Three times the size of NYC’s Central Park: Say hello to the New Ariel Sharon Eco Park in Israel.
Turning a mountain sized garbage mound into a state of the art national park is now fast on its way to becoming reality outside Tel Aviv. What was formerly (and still) known by many as the Hiriya Waste Disposal Site, or simply the Hiriya Garbage Mound now has a new name, The Ariel Sharon Park, as well as a new look.
Ariel Sharon Park observation point
The eco park project owes a lot to Environment Ministry head Gilad Erdan, and to internationally renown landscape architect Peter Latz has received a lot of media attention lately, including a recent article in the Jerusalem Post.
The JPost article specifically reported that the park which will comprise an area of 8,000 dunam (2,000 acres) will cost more than $250 million when completed. Its land area will make it three times the size of New York City’s Central Park.
A special government sponsored company, the Ariel Sharon Park Company, is a composed third by national government officials; with another third from the Tel Aviv Municipality and the remaining third from environmental organizations. So, far around $28 million has been spent on the project, with some of the money coming from private sources, including the Beracha Foundation, an NGO that initiated the project with the first $8 million donation.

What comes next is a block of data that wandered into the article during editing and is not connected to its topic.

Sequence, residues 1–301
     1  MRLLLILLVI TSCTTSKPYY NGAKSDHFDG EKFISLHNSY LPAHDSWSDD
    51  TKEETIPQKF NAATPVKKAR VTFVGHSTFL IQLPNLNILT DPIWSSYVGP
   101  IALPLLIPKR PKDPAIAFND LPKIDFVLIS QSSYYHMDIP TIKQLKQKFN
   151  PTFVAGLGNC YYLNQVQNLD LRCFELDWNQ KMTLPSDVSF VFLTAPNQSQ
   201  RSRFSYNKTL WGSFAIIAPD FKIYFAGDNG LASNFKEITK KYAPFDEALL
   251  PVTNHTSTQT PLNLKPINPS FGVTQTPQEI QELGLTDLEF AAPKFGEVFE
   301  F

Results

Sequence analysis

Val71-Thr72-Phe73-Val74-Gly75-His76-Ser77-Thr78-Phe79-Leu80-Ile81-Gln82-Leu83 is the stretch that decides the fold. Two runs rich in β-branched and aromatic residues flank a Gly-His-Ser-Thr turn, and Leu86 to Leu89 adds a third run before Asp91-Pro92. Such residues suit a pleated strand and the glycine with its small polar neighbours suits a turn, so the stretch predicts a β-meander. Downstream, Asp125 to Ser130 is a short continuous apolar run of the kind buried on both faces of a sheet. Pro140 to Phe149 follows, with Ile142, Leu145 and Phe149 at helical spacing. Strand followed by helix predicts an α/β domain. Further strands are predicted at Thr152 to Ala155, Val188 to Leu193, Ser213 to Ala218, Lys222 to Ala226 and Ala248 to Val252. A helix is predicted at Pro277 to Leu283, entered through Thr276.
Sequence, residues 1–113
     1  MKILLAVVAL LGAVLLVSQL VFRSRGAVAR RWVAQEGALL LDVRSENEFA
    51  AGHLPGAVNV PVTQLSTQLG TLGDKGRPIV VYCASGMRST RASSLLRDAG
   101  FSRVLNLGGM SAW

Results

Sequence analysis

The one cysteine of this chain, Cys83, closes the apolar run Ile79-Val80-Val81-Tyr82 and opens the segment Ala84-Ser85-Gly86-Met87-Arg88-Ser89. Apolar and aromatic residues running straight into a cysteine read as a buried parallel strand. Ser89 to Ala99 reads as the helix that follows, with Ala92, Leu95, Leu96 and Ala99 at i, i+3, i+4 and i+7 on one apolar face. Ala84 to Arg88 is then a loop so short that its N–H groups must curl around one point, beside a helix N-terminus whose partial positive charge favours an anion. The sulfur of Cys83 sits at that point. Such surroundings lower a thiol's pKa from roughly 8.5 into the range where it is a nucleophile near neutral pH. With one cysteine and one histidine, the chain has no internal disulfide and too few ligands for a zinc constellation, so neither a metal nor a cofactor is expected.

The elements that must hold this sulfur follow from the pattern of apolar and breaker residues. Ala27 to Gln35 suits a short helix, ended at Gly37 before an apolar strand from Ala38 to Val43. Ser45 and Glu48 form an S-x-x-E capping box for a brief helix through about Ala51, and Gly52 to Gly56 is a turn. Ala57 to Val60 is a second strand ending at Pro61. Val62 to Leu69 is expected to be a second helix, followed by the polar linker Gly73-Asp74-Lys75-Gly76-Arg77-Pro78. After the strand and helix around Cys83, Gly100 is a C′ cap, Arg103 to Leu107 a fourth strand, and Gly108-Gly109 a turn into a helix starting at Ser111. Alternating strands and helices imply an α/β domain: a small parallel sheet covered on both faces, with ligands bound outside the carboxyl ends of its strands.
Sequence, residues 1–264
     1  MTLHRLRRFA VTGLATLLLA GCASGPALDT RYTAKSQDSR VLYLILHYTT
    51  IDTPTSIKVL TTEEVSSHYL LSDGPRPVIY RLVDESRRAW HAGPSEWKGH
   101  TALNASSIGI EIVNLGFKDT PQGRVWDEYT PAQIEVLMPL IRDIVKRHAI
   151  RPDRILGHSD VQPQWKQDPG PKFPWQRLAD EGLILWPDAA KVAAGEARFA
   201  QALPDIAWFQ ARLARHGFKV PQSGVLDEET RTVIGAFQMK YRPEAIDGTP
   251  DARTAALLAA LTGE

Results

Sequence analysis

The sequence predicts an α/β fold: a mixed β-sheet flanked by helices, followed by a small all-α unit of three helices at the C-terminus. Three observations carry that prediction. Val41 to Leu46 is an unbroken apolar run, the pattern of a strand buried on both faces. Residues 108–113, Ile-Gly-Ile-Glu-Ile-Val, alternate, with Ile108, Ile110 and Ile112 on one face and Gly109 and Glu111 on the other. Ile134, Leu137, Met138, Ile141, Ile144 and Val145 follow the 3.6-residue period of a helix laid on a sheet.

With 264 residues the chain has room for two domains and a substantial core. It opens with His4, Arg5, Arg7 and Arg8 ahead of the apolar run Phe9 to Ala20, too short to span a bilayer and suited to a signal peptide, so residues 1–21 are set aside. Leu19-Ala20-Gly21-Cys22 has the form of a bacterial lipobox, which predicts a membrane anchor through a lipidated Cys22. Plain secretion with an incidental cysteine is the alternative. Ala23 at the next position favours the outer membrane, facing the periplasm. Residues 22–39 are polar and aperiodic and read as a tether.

Illustration of completed mound part of park project
Upon the recent completion of Stage 1 of the project, which included a special observation point on the “summit” of the mound, and planting of numerous trees and other landscaping, a special event was held there, which included an evening Sound and Light Show.
Other special planned features at the park will be a small lake and a 50,000 seat amphitheater.
The dump was opened in 1952 as a waste collection site to take care of the growing needs of the populations of Tel Aviv and nearby communities. Before it was finally officially closed in 1998, the site would receive thousands of tons of garbage on a daily basis. The closure was finally approved due to thousands of sea gulls and other birds flying off the mound and creating a hazard for commercial airpliners approaching and taking off from nearby Ben Gurion Airport.
When interviewed recently, Dr. Martin Weyl, director of the Beracha Foundation said:
“It always bothered me that this existed. It was an eyesore, and nobody really gave it any attention. People would stand and the waste would go to here. The purpose of this idea was to change the attitude (of people) toward garbage.”
Now that Hiriya, is getting a well needed facelift, perhaps more green attention can be turned to other landfills and garbage mounds, including the one where that “million dollar mattress” may be resting (it still hasn’t been found).
Read more on Hiriya Garbage Mound and other waste disposal sites: